Burials

Kerma

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Western Deffufa, Kerma.
Deffufa Kerma

The Kerma kingdom flourished in the city of Kerma— in the modern-day city of Kareema, in Sudan— starting from 2500 BC the latest. The city's population were organized into a hierarchically organized socio-economic strata. At the top of the hierarchy were the ruler, the royal family, military leaders, and priests.

Although the site at Kerma has not been sufficiently excavated, American and European excavations, in collaboration with archeologists from the Khartoum University, came up with valuable results. The digs revealed an elaborate cemetery, a royal city, temples, royal palaces, and an audience hall. In a 1993-1994 campaign, Charles Bonnet uncovered the main town of Kerma with a fortification wall of 10 meters in height and 1300 meters in length.1

Angaraib of Bovine shaped foot from Kerma. Source: Wildung, Dietrich. Sudan Ancient Kingdoms of the Nile.
kerma bed
Photo: C. Bonnet. Tomb of archer, Kerma, 2200 BC. Source: Wildung, Dietrich. Sudan Ancient Kingdoms of the Nile.
nubian burial

The people of Kerma people buried their dead in niche cut pits. A tumulus or a mound superstructure of sand and gravel, sometimes reaching 90 meters in diameter, was built over the graves of royal persons. The size of the mound indicated the social rank of the deceased person when alive. The larger the tumulus, the higher in rank the owner was; and the smaller it is, the lower in status.

A distinctive element of the Kerma culture was the unique bed burial tradition. The distinctive design and manufacture of the Kerma bed didn't change over time; it represents the traditional Sudanese bed today and is called Angaraib. The deceased was placed on top of the bed. The bed was then placed in the middle of the tomb chamber. On some cases, mummification was conducted on deceased kings and royal persons. The body was usually laid in a contracted body position with the head towards the east.

Flag staffs and square shaped steles were uncovered near tumuli structures and were probably related to the building structures. Pottery is perhaps the most common find in Kerma. Large amounts of imported pottery from Egypt and the Near East and seashells brought from the Red Sea indicate extensive trade activity. Weapons dating to this period were usually consisted of bronze swords and daggers, some of which were found in children graves. Most astonishing were the archer burials in Kerma in which individuals were buried with bows and arrows next to their bodies. Other goods included sandals, leather caps, ostrich feathers, and loincloths and cotton kilts.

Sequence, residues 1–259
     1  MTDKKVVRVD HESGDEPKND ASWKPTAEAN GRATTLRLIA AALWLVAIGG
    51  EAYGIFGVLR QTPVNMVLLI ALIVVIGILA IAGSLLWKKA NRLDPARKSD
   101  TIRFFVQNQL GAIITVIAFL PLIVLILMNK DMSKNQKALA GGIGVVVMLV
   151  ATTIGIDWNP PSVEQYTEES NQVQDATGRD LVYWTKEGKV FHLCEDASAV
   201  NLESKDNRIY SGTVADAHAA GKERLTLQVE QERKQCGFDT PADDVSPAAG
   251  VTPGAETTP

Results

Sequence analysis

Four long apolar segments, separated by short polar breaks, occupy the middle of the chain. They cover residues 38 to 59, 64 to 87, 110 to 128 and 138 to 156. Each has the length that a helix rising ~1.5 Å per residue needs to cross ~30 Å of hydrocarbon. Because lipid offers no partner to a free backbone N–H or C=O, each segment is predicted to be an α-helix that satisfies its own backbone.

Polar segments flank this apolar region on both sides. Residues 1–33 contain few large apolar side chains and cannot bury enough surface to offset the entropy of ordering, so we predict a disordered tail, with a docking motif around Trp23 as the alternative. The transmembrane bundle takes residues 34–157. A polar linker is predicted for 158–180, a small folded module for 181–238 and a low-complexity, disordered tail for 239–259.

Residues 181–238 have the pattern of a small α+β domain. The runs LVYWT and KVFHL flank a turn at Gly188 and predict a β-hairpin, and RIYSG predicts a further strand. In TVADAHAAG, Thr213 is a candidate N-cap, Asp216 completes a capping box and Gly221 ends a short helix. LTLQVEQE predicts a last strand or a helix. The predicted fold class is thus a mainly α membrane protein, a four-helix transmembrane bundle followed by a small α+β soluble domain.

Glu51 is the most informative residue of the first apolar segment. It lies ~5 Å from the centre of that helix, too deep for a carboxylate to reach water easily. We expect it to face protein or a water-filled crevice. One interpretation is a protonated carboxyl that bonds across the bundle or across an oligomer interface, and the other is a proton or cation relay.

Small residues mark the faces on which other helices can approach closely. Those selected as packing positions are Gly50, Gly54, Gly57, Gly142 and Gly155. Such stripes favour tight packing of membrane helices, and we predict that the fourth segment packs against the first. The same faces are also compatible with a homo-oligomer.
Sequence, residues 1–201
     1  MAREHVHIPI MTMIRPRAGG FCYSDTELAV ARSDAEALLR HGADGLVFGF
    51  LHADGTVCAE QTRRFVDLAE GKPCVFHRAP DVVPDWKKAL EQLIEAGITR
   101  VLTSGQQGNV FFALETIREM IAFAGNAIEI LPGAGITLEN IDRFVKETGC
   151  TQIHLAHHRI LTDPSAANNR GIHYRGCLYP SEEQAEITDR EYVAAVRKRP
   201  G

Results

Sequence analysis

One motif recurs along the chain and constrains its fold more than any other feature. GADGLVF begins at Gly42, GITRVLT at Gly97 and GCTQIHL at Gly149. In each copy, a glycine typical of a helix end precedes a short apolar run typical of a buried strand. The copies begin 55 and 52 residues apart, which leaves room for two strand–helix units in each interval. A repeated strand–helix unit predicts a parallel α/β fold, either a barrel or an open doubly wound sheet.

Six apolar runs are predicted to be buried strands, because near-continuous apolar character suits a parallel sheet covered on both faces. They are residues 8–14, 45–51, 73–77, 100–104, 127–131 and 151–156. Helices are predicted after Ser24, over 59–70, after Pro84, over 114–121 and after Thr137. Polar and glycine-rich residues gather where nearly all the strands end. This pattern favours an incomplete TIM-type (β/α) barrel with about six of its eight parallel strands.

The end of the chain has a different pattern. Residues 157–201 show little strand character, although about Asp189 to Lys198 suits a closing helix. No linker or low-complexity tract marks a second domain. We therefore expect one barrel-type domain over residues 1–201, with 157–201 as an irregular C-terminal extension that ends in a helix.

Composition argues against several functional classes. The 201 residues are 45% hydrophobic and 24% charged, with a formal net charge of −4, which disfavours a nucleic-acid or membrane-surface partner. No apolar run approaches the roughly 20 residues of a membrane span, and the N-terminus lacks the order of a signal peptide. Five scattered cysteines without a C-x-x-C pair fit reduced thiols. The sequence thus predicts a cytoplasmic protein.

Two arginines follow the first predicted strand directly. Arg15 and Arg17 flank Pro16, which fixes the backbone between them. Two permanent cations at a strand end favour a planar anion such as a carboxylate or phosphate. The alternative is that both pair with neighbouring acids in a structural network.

Large numbers of sacrificed humans and animals were found in royal graves. In 1923 George Reisner, the first archeologist to excavate at Kerma, uncovered a tumulus containing sacrificed human bodies.2 The scarified bodies were placed in opened roof mud brick corridors that ran along the middle of the tumuli structures before the latter were filled with earth. The sacrificed individuals are likely to have been servants and/or slaves to the burials' original owners. The Kushites believed in an afterlife, where the gods would sometimes require the deceased to do hard labor. Thus, sacrificing servants and slaves was considered a way for helping the deceased do this hard labor.


  • 1 For information on the measures of the- 1300 meters long- fortification wall that enclosed the center of Kerma see: C. Bonnet, "Archaeological Excavations at Kerma (Soudan): Preliminary report for 1993-1994 and 1994-1995 campaigns, " Arkamani: Review of Archaeological & Anthropological Current Research in the Sudan, Comp. O. A. Elnur, Aug. 2001, Jan. 2005 <http://www.arkamani.org/arkamani-library/pre-kerma-and-kerma/prelim_report1.htm#Ch.Bonnet (ed.)>, and for information on the measures of the- 10 meters high- fortification wall that enclosed the center of Kerma see: D. O'Connor, Ancient Nubia: Egypt's Rival in Africa (University of Pennsylvania P, 1994) 50.
  • 2 W. H. Rockett, "The Nubians in Brooklyn," Saudi Aramco World (July/Aug. 1979): 36-40, and G. A. Reisner, Excavations at Kerma, part I-III (Cambridge, 1923).
Authored: 2004.
Edited: Jan. 2009.
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The primary material of the website is authored by Ibrahim Omer © 2008.